Reb Zalman had always been a riddle to me. He had received only the most elementary Jewish education. He probably knew nothing of the Talmud and perhaps little of the other Jewish subjects. But he was the most educated and enlightened member of the Jewish community of Radzilowo. And he didn't permit his education to interfere with his religious devoutness. His library consisted of a considerable collection of books, but I doubt that he allowed anybody, even his own children, to make use of his books, fearing, perhaps that reading them might have an adverse effect on their piety.

Perhaps because of his general knowledge and extensive reading, he was better qualified than anyone else in town to express an intelligent opinion on history, current events, etc As far as I know, he never participated in any such discussion, or discussion on any subject. To everybody in town, he was "Reb Zalman the Scribe," to be used whenever a contract had to be written or a petition drawn to some high government official. He was a humble man, and didn't seek recognition of any kind from anybody. He lived on a modest, irregular income, but he never complained to anybody, and nobody paid any attention to him. Nevertheless, from the first session I had with him, he at once impressed me as a man of great although not immediately recognizable, dignity. From then on, I had reserved in my heart and mind a special place of love and respect for him.

For several days, Father asked me no questions regarding the Yeshiva. I was wishing that he would, but in the meantime I was enjoying my vacation. My friends were home for the holidays, and we spent a good deal of time together, hiking to the Kobjanka forest and visiting some of the nearby villages.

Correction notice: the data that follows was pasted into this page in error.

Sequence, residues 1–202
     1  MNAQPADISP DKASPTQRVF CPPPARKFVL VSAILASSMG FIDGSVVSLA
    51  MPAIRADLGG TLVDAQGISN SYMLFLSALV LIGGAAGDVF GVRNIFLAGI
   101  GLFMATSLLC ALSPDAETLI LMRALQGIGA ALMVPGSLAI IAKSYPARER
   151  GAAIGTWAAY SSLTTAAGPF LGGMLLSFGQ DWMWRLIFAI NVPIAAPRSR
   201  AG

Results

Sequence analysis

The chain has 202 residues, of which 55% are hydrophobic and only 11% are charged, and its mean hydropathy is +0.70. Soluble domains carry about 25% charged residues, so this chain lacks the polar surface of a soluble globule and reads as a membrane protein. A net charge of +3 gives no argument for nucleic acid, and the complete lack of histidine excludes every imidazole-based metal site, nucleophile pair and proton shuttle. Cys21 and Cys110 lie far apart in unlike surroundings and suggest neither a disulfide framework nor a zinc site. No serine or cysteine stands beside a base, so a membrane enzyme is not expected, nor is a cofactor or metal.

Reb Yisrael Mejer Gutsztejn
Died in Lomza, 1927

Pesza (nee Zimnowicz)
Killed in Radzilow, 1941,
at age 71


A few days after I returned home, Father took us to the tailor and then to the fabric store of Reb Yisrael Mejer, which was wholly managed by his energetic and capable wife [Pesza (nee Zimnowicz) Gutsztejn]. On that visit to the store, an incident occurred that implanted itself on my mind.

Zimnowicz/Gutsztejn house
and fabric store, located on the northern side of Town Square, next to the post office


After looking over several bolts of cloth, Father found one to his liking. He asked the price, and Peshe, Reb Yisrael Mejer's wife, said "$1.90" (meaning per yard). Father, however, knew how to bargain with her. In the past, with several boys in the family, we had been good customers, and Father said, "Come now, $1.50 would be too high."

The woman began swearing that her own cost was above that. "Reb Joseph, you should live long, it's costing me more than $1.50, I should live so! May God grant me and my husband the joy and happiness of leading our daughters to the altar and reverse this, my most cherished hope, if I am not telling the truth."

Her husband was standing in the doorway, and he spoke up. "Peshe," said he, "If you wish to swear by yourself, that is your privilege. The same about our children, they are yours. But please, leave me out!"

As in the past, Father purchased the material at a price allegedly her own cost. I was confused and on the way home I gathered up enough courage to ask Father how she, a pious woman and wife, would first swear as to her own cost and then sell the material at her supposed cost. "How," I asked him, "can she stay in business selling merchandise below her costs?" Father smiled and said "Keep this to yourself, but Yisrael Mejer explained it to me once. It's really quite simple. You see, she figures that the minimum profit that would enable her to exist is thirty per cent. Accordingly, she adds thirty percent to the actual cost and the total, she figures, is her gross cost. Anything above that is profit."

Memoirs donated and reprinted with the permission of Paul Atlas and Scott J. Atlas. Edited by Jose Gutstein. All rights reserved.